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Title General Info

OTB Research for the Built Environment is officially a department of the Faculty of Architecture of Delft University of Technology (DUT). It currently employs ca. 130 staff. OTB specializes in research and consultancy concerning planning, urban development, housing, and transport. The department consists of seven research sections: Urban and Regional Development, Sustainable Housing Management and Quality Assurance; Urban Renewal and Housing; Housing Systems, Methodology and Informatics; Geo Information and Land Development; and GIS Technology. The research carried out by OTB is multidisciplinary and problem-oriented, and is mainly concerned with market and policy issues.

OTB has substantial experience of international collaborative research projects, including INTERREG, European Commission Framework Programmes and ESPON projects, as well as nationally and locally funded research. Staff members at OTB are involved in various research networks such as AESOP (Association of European Schools of Planning), ENHR (European Network for Housing Research), ERSA (European Regional Science Association), EURA (European Urban Research Association), IAPS (International Association for People-Environment Studies) and ISA (International Sociological Association).

The InCompass project is situated in the research section of Urban and Regional Development. Members of the section have extensive experience on European and transnational spatial planning and on European urban and regional development, including academic and policy discussions of these issues. Most relevant regarding InCompass is the participation of the research section in the project Creative City Challenge (Interreg IVB, 2009-2012), in which 13 partners from 6 countries worked together on creative city development.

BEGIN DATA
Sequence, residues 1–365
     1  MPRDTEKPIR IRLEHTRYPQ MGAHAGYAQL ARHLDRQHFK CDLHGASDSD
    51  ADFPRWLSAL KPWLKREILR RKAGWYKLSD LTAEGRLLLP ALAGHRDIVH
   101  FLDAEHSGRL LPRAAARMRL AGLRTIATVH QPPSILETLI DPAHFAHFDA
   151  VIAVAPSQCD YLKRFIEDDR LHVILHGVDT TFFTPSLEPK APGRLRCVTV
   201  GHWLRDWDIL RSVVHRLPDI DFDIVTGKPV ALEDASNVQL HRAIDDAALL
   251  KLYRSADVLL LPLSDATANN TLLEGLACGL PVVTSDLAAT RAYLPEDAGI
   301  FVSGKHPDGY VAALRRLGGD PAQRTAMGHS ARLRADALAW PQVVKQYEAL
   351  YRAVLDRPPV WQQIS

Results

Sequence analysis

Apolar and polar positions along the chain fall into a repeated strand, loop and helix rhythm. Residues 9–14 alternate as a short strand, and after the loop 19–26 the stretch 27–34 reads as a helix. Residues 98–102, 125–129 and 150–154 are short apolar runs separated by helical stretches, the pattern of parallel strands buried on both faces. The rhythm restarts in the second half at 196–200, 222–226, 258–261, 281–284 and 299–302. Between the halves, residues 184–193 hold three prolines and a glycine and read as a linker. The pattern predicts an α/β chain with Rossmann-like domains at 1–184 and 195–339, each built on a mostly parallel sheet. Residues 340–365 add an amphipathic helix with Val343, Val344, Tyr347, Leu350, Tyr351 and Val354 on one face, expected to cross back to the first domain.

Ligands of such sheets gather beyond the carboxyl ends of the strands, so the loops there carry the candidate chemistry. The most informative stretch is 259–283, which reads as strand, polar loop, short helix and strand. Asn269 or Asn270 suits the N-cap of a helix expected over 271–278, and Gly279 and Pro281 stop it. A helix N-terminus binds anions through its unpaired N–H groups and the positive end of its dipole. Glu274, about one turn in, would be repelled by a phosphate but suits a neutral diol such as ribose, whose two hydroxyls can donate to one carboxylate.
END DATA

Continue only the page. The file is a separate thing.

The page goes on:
OTB was coordinator of Work Package 6 of Creative City Challenge and is coordinator of Component 3 of InCompass.


Title RIG

The RIG currently counts approximately 25 members, equally divided Into more and less actively participating members. Together these members represent all helices of the triple helix. Local policy makers in the RIG represents the cities of Delft, Rotterdam and Leiden. Represented knowledge institutions are DUT, the Dutch Incubator Association, Nederland Kennisland (Netherlands Land of Knowledge), the University of Rotterdam and the Utrecht University of Arts. Finally, business is represented by managing directors of incubators and creative SMEs, the latter either working within or outside incubators. These different helices in the three above mentioned cities cooperate in several networks of innovative hi-tech industries (see The Region).


Title The Region

The Region at the centre stage of the RIG and upcoming RIP (Regional Implementation Plan) is the Delft - Rotterdam area. This area is situated in the southern so-called ‘wing’ of the Randstad, the dense conurbation in the western part of the Netherlands. The Randstad at large, the major ‘powerhouse’ of the Dutch economy, is a typical polycentric urban region made up by the country’s four largest cities (Amsterdam, Rotterdam, The Hague and Utrecht) and a considerable number of medium-sized and small cities and towns in between.

The urbanised regional context of the Delft-Rotterdam area is a dense concentration of knowledge institutions (universities and other research institutions), local and regional governments, businesses in all kinds of technologically advanced industries and services, including the large port and industry complex of Rotterdam. Actually, Rotterdam is the largest seaport in Europe. Under the label ‘City of Innovation’, Delft is part of two regional clusters – Medical Delta and Clean Tech Delta – that are being developed by these different types of partners in the range of cities from Rotterdam (15 km. south of Delft) to The Hague and Leiden (respectively 13 and 25 km. north of Delft).